89x = 178
x = 2
To find y, we substitute the value of x = 2 in (2) so that 9x becomes 18:
18 + 2y = 16
By transposition, we get:
2y = 16 ÷ 18 = ÷2
y = ÷1
Important note: When working through the processes of transposition and substitution, it is
not necessary to write ÷ (÷7) and + (÷15), etc., but be sure to pay special
attention to all calculations involving negative numbers.
Questions for Practice 1
Solve the following simultaneous equations by finding values for x and y.
1. 3x + 4y = 1
9x + 5y = 10
2. 5x ÷ 3y = 14
7x + 5y = 38
3. 3x ÷ y = 8
x + 5y = 4
4. 2x ÷ 11y = 23
7x ÷ 8y = 50
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5. 9x + 10y = 12
2x + 15y = ÷5
6. x +
3
2
y = 16
2
1
x + 2y = 14
7.
2
1
1 x ÷
5
3
y = 12
x +
15
7
y = 21
Now check your answers with those given at the end of the chapter.
Now we shall look at some harder examples!
(a) Where the unknowns are denominators
Consider the following equations:
x
4
÷
y
3
= 4 (1)
x
3
–
y
7
= 2 (2)
Here we can treat
x
1
and
y
1
as the unknowns and then solve the problem in the usual
way.
To eliminate
y
1
, multiply (1) by 7 and (2) by 3 and then subtract:
x
28
÷
y
21
= 28 (1)
x
9
÷
y
21
= 6 (2)
x
19
= 22
x
1
=
19
22
x =
22
19
Substituting for
x
1
in (1) gives:
19
22 4 ×
÷
y
3
= 4
19
88
÷ 4 =
y
3
Simultaneous, Quadratic, Exponential and Logarithmic Equations 95
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y
3
=
19
76 88 ÷
=
19
12
y
1
=
19
4
y =
4
19
=
4
3
4
Alternatively, you may find it easier to put
x
1
= m and
y
1
= n, and rewrite the equations as:
4m ÷ 3n = 4 (1)
3m ÷ 7n = 2 (2)
Solve these in the usual way, but remember to write your answer as x = ? and y = ?,
not as m and n.
(b) Forming simultaneous equations from single equations
Equations are sometimes given in the form:
x + 5y = 2x ÷ 4y + 3 = 3x + 2y ÷ 4
In order to solve this, we need to reformulate the equation as two simultaneous
equations.
Taking the first pair of expressions, we can rearrange the terms to form one equation in
the usual form:
x + 5y = 2x ÷ 4y + 3
÷x + 9y = 3
Now take the second pair of expressions and rearrange them:
2x ÷ 4y + 3 = 3x + 2y ÷ 4
2x ÷ 3y = 4
We now have two simultaneous equations as follows:
÷x + 9y = 3 (1)
2x ÷ 3y = 4 (2)
These can be solved in the usual way. To eliminate y, multiply (2) by 3 and add to (1):
5x = 15
x = 3
y =
3
2
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Questions for Practice 2
Solve the following equations for x and y:
x
3
+
y
20
= 13
x
7
+
y
10
= 2
Now check your answers with those given at the end of the chapter.
B. FORMULATING PROBLEMS AS SIMULTANEOUS
EQUATIONS
As we have seen previously, it is very useful to develop mathematical models of real
situations to help analyse and solve problems. The use of algebraic notation to represent
variables in a situation and their combination with numerical constants to form equations are
the building blocks of such mathematical models.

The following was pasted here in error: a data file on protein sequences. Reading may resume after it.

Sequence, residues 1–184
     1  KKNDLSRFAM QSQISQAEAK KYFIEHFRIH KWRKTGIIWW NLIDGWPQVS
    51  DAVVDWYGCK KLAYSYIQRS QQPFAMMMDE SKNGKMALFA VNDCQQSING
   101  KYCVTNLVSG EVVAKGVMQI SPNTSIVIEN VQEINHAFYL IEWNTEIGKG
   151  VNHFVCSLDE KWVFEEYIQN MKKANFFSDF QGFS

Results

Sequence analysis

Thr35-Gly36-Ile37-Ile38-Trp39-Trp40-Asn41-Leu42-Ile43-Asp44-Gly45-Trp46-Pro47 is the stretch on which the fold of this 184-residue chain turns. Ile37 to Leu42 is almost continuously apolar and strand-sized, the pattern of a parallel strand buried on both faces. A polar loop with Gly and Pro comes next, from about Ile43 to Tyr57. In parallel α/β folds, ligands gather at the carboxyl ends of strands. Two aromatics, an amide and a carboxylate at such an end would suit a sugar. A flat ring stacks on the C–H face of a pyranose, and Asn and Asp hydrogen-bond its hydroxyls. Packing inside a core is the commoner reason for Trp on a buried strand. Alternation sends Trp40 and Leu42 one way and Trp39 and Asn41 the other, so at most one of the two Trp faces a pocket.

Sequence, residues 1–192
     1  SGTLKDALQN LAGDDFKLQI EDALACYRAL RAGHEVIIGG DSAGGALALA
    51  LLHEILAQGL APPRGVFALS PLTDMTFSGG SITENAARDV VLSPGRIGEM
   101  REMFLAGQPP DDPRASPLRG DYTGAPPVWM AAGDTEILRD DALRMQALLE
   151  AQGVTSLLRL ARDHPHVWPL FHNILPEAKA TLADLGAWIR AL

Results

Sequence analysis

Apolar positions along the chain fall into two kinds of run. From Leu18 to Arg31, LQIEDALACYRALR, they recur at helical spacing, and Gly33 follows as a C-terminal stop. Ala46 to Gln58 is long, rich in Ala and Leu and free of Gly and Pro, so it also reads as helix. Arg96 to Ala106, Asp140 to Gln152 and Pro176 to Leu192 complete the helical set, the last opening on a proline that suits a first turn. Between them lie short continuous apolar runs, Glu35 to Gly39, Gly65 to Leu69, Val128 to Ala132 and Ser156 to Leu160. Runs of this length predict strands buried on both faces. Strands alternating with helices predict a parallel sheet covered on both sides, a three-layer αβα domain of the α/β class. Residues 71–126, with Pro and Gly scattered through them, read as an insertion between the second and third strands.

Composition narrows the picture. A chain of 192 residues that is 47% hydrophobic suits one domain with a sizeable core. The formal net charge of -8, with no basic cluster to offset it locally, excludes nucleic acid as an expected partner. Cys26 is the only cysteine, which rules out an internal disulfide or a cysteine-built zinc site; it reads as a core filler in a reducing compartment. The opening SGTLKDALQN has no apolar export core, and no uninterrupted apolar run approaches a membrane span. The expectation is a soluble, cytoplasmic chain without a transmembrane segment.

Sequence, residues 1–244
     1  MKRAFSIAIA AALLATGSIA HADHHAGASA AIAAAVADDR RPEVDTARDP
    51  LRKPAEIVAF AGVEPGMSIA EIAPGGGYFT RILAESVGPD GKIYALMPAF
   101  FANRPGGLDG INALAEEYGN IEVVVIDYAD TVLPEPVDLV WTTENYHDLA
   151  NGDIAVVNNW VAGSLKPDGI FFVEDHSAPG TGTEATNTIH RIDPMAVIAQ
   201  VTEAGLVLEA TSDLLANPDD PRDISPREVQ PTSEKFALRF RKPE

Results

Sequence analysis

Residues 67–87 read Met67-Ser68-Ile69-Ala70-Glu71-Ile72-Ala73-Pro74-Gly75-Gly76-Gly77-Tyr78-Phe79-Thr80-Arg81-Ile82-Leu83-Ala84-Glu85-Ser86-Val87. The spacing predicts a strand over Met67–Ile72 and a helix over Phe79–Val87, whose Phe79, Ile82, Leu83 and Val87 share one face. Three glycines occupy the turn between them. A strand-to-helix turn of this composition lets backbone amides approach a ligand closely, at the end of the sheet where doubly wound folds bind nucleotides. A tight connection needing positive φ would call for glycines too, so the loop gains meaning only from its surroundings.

We have seen that simple equations can be developed to model a situation and enable us to
find the value of one unknown variable, where we know the values of all the other variables.
In the same way, we can develop models which will enable us to find two or more unknown
variables by using simultaneous equations.
The key points about formulating problems as simultaneous equations are the same as doing
the same with simple equations:
Always state clearly what your unknowns represent and give the units you are using.
Having found the number for which the unknowns stand, give the answer to the
question in words.
Check your answer in the question given, not in your own equation.
Consider the following examples and try to form the equations for yourself before looking at
the solutions given. Note too, that unless you are told to find both or all of the unknowns, it is
not essential to do so, but it is most advisable, as otherwise you have no means of checking
your answer.
Example 1:
The expenditure of 10 men and 8 boys amounts to £160. If 4 men together spend £18 more
than 6 boys, how much does each man and boy spend? (Assume each man spends the
same amount and each boy spends the same amount.)
Let: x = expenditure of 1 man in £
y = expenditure of 1 boy in £
Then we can express the information given as equations:
10x + 8y = 160 (all terms must be expressed in the same unit, i.e. here pounds)
and
4x ÷ 6y = 18
Solving these two equations will answer the problem.
Simultaneous, Quadratic, Exponential and Logarithmic Equations 97
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Example 2:
In a bag containing black and white balls, half the number of white is equal to a third the
number of black, and twice the total number of balls exceeds three times the number of black
balls by four. How many balls did the bag contain?
Let: x = number of white balls
y = number of black balls.
Expressing the information given as equations, we get:
2
1
x =
3
1
y
and
2(x + y) ÷ 3y = 4
Example 3:
Pay special attention to the following problem. Note how the equations are built up.
A certain number, of two digits, is such that it is diminished by 9 if the digits are reversed. The
number itself is six times the sum of its digits. Find the number.
Let: x = the tens figure
y = the units figure
Then the number is 10x + y, and the reversed number is 10y + x.
Expressing the information given as equations, we get:
10x + y ÷ 9 = 10y + x (1)